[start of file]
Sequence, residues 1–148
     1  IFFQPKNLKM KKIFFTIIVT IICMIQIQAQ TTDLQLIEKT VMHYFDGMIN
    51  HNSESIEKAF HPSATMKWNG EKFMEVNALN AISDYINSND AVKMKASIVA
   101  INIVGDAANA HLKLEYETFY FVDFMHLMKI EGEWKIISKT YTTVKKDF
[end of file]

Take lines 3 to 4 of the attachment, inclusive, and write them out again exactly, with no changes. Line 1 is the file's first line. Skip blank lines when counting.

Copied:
    51  HNSESIEKAF HPSATMKWNG EKFMEVNALN AISDYINSND AVKMKASIVA
   101  INIVGDAANA HLKLEYETFY FVDFMHLMKI EGEWKIISKT YTTVKKDF